Future Reflections at University of Ulster
Dougal McKenzie, lecturer in painting at the Belfast School of Art, on its current print archive exhibition
I have stated somewhere before (I forget exactly the context) that in painting there are many opportunities to cover your tracks, to re-group if needs be, to continually re-establish your position in relation to what it was you thought you were setting out to do in the first place.
Conversely, I felt, in drawing there are fewer hiding places, less room for manoeuvre; a more exposed position is often felt and the pressure is on to produce something with greater clarity of vision, and with immediacy.
Printmaking I have found to have some elements of the former, but to be essentially closer to the latter in most regards. So forgive me, reader, if I reflect here, ontologically, on what printmaking is for me – how it differs essentially from painting as a process of coming-into-being.
As I sit here in my studio, I am looking at a painting of mine that had in its initial state a very close connection to a salt etching I was working on at the time (an etching which, I had hoped, would open up the secret of how I could progress the painting's composition further).
There was something about the (literally) incisive method required to etch the lines of the composition into the plate, before the salt solution bit in further still, which, although nerve wracking at first, gave me the reassurance that this was the way forward in making its painted counterpart 'work'.
I should tell you more about this composition, I guess, allow your mind to be yet another surface on which the image may be transferred.
The title may prove useful in this also: it was 'Knowledge Montage', after iconologist Abi Warburg's method of juxtaposing disparate images in order to reveal new interpretations and question the way in which pictures operate on us. (Why not try this yourself, as you look at the works in this exhibition?) My painting/print was of a medium-sized, office-type room.
On the far right a multi-coloured glass brick window threw light on a table in the foreground, and on a wall to the left (the table, in fact, more suggestive of a conference desk). Three partially visible chairs around the table. A door without a handle. A sculpture in the far corner and a painting on the wall (a painting within an image). No human presence, as such – a quiet room, a room that appeared impossible to enter or exit.
These compositional elements had already been established in the large painting and were now being set down on the etching plate, albeit monochromatically. Working on this much smaller scale led me to see, at the conclusion of the print's first state, that something was lacking.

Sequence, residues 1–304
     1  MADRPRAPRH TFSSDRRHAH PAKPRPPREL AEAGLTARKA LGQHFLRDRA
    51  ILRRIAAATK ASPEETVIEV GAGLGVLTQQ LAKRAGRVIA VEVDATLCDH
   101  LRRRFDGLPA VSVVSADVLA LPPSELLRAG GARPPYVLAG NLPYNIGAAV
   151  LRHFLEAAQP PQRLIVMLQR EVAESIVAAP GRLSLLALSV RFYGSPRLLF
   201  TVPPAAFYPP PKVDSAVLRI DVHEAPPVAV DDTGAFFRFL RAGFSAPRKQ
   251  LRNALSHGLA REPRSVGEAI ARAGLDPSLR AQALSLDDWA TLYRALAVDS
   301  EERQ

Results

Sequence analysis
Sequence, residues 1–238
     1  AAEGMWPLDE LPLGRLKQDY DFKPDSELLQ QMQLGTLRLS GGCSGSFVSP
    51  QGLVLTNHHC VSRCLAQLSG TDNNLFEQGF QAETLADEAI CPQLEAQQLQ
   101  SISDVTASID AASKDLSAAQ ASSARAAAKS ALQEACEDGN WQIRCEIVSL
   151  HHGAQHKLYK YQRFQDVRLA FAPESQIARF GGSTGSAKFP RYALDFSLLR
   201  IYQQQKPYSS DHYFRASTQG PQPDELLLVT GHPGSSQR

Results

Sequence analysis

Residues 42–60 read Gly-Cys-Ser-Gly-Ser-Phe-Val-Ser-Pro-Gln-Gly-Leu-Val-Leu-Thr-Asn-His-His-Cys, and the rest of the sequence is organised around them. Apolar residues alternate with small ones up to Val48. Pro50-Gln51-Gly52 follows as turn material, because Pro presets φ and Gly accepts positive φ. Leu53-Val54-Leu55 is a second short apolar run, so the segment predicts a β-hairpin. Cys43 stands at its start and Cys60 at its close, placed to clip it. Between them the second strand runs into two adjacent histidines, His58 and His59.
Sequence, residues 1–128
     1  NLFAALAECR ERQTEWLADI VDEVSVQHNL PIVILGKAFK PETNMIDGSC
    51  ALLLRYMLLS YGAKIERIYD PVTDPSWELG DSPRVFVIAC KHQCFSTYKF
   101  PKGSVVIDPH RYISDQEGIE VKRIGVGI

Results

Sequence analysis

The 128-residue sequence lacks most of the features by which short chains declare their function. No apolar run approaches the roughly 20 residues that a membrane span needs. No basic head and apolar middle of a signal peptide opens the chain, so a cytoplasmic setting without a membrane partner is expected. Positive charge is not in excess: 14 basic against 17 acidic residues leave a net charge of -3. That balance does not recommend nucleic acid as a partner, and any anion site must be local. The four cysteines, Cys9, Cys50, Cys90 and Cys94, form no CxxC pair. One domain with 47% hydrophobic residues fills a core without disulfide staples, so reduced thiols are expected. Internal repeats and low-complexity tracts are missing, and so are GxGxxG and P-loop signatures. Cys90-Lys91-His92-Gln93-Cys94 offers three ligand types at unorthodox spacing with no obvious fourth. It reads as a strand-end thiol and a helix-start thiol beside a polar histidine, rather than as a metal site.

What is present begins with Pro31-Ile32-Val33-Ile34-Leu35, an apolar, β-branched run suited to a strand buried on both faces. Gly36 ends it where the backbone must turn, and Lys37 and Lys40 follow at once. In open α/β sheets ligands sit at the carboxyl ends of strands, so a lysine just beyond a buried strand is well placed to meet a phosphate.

On re-working the second state of the plate, an ambiguous group of figures – dancing, marching, rioting? –appeared silhouetted on the other side of the glass brick window. The etching process had decided this for me: history was happening outside of the room, was what I had in mind.
Back in the studio, these figures subsequently appeared at the window in the painting. The grouping helped, but I was still not entirely satisfied. The print edition was completed, and I still remain reassured by the sense of fixity that this brought; the image unchangeable now, the original plate crossed-out, or re-used even.
The painting became a different matter, however. It continued to bug me. I had to change my position to it: tracks were covered, almost obliterated. I have re-grouped, and not much of the original composition remains as I look at it now.
On reflection, both the print and painting have provided me with my own knowledge montage. However, the title of the painting has changed to 'Hotel du Lac', with 'Knowledge Montage' lying beneath. I'm probably disappointed that the original idea for the painting was lost along the way; pleased that the salt etching was seen through.
And so, this is the strong sense that I get when I consider the prints in this exhibition, Future Reflections: whether etched, screen-pulled or photo-processed, each artist has given us their indelible vision, with clear-sightedness. No tracks have been covered. No hiding places sought. Things have been seen through, for us to reflect on still.
Future Reflections runs in the University of Ulster's Belfast School of Art until November 22.